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Subject: Re: Locales, Encodings and Unicode
From: Jens Maurer (Jens.Maurer_at_[hidden])
Date: 2020-01-10 15:07:57


On 08/01/2020 20.15, Corentin Jabot via SG16 wrote:
> Hello
> Here is a paper attempting to describe some of the issue with the <locale> facilities
> I offer a a few solutions to explore but there is no denying it will be an uphill battle to remedy some of these issues.
>
> My goal was mostly to have a document we can refer people to and have a basis of conversation for ourselves.
>
> https://github.com/cor3ntin/CPPProposals/raw/master/P2020/P2020.pdf

I think a key observation here is that locale and encoding
need to get a divorce. And that probably means std::locale
needs to die (in its present shape and form).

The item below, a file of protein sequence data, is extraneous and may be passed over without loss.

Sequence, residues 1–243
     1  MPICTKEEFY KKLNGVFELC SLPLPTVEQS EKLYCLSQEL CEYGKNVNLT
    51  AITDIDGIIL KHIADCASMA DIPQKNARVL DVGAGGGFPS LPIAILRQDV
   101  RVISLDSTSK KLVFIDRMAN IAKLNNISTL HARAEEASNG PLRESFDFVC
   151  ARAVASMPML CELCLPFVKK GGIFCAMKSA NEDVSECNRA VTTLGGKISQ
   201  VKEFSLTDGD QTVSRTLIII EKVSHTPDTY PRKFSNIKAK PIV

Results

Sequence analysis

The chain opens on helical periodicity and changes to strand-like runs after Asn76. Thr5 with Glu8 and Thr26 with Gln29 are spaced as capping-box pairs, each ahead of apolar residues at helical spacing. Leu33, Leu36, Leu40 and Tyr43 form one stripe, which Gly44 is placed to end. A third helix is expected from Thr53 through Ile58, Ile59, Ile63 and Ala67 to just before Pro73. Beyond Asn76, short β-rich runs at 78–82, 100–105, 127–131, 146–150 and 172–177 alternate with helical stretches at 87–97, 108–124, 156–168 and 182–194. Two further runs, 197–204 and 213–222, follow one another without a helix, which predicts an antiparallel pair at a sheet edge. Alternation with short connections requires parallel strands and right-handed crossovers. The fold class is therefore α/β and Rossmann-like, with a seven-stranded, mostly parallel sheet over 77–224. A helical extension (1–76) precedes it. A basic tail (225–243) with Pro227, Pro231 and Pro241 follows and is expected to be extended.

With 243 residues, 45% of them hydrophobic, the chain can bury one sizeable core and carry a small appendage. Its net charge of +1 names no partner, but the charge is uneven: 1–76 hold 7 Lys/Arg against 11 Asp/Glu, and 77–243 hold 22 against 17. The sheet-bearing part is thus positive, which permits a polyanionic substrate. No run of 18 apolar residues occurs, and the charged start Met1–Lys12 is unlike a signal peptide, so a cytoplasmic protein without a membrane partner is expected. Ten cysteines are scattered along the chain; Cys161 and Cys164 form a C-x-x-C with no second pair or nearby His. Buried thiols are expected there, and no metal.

To me, it seems the feature set of the current C or C++
localization facilities are so much sub-par that nobody
essentially uses them for anything serious. So, there
is little motivation to keep them except as a deprecated
thing.

I've heard that ICU is quite comprehensive in feature coverage,
so any future design should take that into account.

Regarding encoding, here's a situation I'm not sure how to
handle:

Suppose I have an xterm on my desktop configured for UTF-8,
and another xterm configured for (say) ISO 8859-1. I'm now
running the same binary in both xterms. What should happen?
It seems inefficient and possibly burdensome to support
one of several runtime-chosen encodings at every step of my
program, so the recommendation probably is to have a
(statically chosen) program-internal encoding (likely UTF-8
or UTF-32) plus conversion facilities that can convert to
the environment's encoding.

Whatever we do here, the programmer should have the ability
to opt-out of any locale support (beyond "C") and any
encoding conversion to keep the program footprint small for
situations where advanced locale/encoding fun is not needed.

Jens


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